‘Parents, NGOs must pay for school toilets’
Counsel for the state this week said that providing toilets at public schools cannot “solely” be the responsibility of the department of education, and that parents, and even nongovernmental organisations, also have a role to play.
State counsel Simon Phaswane made the point during cross-examination in a R3‑million damages claim against the state by the family of five-year-old Michael Komape, who fell into a pit toilet at his school outside Polokwane in January 2014 and drowned in faeces.
The majority of the week’s testimony before the Limpopo high court was from experts and from Section27, which has been assisting the family in its case.
Section27’s Mark Heywood told the court that the advocacy group started raising the issue of unsafe and dangerous toilets at Limpopo rural schools with the basic education department as far back as 2012. The advocacy group had written several letters to the department and held meetings with senior officials to discuss sanitation issues at Limpopo schools.
“Our submission is that it should not take an NGO to alert the department to these problems; it ought to have its own monitoring capability on an ongoing basis to identify and rectify problems faced by both learners and teachers,” Heywood said.
But Phaswane said that if Section27 was really concerned about helping schools, it needed to step in and act.
“If your concern is the fact that the toilets are dangerous and unhygienic, then you should say: ‘Us as Section27, perhaps we should source finances to assist the school to build a temporary structure while waiting for the department’ … I would have thought that would be a temporary solution to the problem.
Am I wrong to think that way?” he asked.
Heywood replied that, although Section27 does what it can to assist schools, it is the duty of the department to deal with poor sanitation. “You are wrong, advocate, to suggest that Section27 must build toilets,” he said.
Judge Gerrit Muller then intervened and asked where Phaswane was going with his line of questioning as there was no evidence before him that the department had told Section27 that it did not have the budget to build toilets.
“The question must have some relation to the evidence, otherwise we can just sit here and have a nice discussion about hypothetical questions,” Muller said.
Instead, the evidence before him showed that schools, including the Mehlodumela Primary School, which Michael had attended, had asked the provincial department to build them toilets. They received no answers and ended up building the toilets themselves out of their own funds, the judge said.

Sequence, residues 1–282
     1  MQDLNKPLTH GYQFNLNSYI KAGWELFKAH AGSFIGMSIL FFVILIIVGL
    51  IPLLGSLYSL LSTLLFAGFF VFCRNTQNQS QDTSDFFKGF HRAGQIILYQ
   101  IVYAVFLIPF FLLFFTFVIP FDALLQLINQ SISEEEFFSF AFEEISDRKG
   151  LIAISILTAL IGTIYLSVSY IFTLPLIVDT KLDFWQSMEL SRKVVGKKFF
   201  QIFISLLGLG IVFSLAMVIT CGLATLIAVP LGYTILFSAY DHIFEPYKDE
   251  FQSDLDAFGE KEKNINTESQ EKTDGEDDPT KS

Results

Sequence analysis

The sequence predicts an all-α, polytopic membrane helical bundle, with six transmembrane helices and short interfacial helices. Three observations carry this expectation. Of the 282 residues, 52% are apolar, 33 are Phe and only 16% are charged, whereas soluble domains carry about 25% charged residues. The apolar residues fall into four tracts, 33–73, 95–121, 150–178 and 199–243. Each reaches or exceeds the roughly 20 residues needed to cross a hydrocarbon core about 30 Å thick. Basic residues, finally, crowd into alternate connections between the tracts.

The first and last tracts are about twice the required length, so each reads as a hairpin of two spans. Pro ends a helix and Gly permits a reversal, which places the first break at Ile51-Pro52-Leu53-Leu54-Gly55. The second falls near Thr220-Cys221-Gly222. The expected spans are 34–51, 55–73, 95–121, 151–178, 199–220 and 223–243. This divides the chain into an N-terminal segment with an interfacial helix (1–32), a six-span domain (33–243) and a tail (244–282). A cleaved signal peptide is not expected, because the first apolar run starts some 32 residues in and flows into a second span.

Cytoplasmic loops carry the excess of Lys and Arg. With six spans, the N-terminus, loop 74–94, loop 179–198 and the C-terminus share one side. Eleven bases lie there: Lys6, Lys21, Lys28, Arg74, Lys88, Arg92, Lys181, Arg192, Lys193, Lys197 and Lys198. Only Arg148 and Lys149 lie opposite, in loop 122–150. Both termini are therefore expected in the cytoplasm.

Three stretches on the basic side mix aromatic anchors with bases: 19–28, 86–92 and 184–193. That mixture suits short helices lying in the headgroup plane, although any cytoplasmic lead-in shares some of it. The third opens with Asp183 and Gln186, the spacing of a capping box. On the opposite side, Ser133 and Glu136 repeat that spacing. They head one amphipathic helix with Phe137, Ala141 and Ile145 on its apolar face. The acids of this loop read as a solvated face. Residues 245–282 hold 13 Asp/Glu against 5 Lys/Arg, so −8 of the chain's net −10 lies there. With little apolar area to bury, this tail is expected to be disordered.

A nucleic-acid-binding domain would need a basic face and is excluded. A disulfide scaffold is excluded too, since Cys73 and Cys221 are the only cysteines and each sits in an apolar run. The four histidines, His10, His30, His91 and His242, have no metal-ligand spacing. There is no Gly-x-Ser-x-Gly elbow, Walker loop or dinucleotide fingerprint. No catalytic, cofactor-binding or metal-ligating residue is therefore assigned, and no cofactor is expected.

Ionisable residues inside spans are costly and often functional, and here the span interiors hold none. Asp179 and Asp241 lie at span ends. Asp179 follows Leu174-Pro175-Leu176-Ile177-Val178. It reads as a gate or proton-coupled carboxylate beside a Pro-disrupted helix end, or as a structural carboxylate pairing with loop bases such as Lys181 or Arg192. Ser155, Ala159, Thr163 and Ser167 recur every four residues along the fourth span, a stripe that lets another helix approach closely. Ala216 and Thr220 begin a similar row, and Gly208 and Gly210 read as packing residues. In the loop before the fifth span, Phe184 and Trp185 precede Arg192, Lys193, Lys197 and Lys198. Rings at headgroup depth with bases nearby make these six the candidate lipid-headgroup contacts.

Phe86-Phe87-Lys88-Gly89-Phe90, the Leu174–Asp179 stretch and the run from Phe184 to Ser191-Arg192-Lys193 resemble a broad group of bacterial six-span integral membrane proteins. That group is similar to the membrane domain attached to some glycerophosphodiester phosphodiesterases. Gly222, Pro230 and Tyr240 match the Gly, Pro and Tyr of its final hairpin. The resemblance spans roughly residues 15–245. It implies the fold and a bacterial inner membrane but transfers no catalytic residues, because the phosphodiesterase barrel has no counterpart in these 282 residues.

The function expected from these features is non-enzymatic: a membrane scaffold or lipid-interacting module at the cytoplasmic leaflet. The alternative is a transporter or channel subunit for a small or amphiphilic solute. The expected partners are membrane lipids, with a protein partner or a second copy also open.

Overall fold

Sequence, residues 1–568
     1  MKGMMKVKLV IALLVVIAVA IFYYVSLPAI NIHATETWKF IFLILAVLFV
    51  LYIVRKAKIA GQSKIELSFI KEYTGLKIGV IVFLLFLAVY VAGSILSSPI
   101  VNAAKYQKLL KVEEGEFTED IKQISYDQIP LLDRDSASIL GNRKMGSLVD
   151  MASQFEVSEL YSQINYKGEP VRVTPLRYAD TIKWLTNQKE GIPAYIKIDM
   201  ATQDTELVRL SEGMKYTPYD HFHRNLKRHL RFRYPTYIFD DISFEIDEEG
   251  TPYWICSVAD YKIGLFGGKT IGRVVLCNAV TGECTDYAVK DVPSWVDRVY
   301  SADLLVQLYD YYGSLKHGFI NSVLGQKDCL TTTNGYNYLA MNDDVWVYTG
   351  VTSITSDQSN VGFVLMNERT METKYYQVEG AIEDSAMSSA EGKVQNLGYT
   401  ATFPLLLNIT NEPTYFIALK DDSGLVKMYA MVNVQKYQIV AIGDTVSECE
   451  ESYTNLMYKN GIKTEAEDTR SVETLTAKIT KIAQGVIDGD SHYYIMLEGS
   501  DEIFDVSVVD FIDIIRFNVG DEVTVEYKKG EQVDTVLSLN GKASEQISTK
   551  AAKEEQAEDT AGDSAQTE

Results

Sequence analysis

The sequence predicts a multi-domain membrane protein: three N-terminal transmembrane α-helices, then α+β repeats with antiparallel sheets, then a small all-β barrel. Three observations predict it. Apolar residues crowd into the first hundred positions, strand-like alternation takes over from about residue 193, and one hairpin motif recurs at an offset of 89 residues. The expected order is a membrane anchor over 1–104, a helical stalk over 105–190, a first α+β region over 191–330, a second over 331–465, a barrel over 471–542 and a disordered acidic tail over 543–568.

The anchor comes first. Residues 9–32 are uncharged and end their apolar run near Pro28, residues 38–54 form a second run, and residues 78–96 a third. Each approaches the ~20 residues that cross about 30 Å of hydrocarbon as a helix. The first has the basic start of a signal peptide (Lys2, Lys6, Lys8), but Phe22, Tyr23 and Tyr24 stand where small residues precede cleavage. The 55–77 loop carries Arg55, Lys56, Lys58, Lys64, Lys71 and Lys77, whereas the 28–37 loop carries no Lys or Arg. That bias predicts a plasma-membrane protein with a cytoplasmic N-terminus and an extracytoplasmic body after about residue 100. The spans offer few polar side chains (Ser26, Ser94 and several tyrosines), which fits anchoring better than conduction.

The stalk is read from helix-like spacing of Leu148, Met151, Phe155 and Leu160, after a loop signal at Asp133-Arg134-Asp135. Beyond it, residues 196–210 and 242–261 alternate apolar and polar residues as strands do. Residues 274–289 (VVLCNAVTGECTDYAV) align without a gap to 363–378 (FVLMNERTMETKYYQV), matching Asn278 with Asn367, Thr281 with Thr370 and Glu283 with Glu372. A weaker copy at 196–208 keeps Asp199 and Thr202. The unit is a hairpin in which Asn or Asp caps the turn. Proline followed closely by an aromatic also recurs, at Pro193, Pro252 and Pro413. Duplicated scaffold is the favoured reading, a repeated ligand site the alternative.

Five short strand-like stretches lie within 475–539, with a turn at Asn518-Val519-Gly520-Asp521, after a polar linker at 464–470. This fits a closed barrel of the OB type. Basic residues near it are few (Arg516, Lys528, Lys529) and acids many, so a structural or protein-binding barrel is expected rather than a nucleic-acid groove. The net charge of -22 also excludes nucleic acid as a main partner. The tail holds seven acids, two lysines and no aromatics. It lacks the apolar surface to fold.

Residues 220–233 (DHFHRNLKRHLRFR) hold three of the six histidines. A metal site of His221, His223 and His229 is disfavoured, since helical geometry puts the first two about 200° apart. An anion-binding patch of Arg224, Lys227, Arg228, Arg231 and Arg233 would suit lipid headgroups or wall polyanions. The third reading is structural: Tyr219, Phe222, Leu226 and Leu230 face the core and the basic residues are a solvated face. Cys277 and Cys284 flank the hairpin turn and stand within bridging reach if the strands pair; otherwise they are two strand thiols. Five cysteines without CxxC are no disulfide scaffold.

On Monday, the court heard that Michael’s school began asking the Limpopo department of education for toilets six years before he died.
The family’s counsel, Chris Maleka, presented letters from the school principal, requesting new toilets, dating back to February 2008. After getting no feedback from the department, the school used about R8 000 from its funds to build four toilets, one of which claimed Michael’s life.
Civil engineer David Still, who specialises in sanitation at rural schools, testified that the material used to build the toilets at the Mehlodumela Primary School was the “cheapest type available on the South African market”.
He said those responsible for building the toilets were “careless” and “negligent” in maintaining them.
“The toilets should have been condemned long before Michael Komape’s tragic death took place,” Still said.
But Phaswane stuck to his guns and said to Heywood that Section27 was advising parents wrongly when it said the state of school toilets was something to be taken up with the department.
Section27 should instead encourage parents to look for “donations” in order to build safe toilets as a temporary measure while waiting for the department, he said.
“Advocate, in any of the schools we have listed are parents who are unemployed, who have absolutely no resources, and schools frequently have limited resources. Parents would try to make means but they do not have means to build even the cheapest of toilets,” Heywood replied.
“Mr Heywood, you are not answering my question. I am saying: you do not advise them that, as a caring parent where your immediate concern is threat to the life of your child at this particular school, perhaps as temporary measure let’s go ask for donations to ensure that at least we have safer toilets. You are saying this is not part of your discussions?” Phaswane asked.
“I do not think parents have the capacity to build school toilets at all … it is the duty of the department,” Heywood answered.
“Because it is the duty of the government, you are saying the parents do not have any responsibility to ensure that children [do not] go to an unsafe school. You relegate that responsibility solely to the department?” Phaswane persisted.
The court also heard expert evidence that the Limpopo education department has persistently underspent its allocated budget but has ratcheted up millions of rands in unauthorised, fruitless and wasteful expenditure.
Budget analyst Daniel McLaren took the court through the provincial education department’s annual reports from 2012-2013 to 2016-2017.
He testified that, in 2012-2013, the department had underspent R960‑million out of the R22‑billion it had been allocated.
In 2014, the year in which Michael died, it had underspent R560-million and there was irregular expenditure of R2.2‑billion. The irregular expenditure was related to tender irregularities, he said.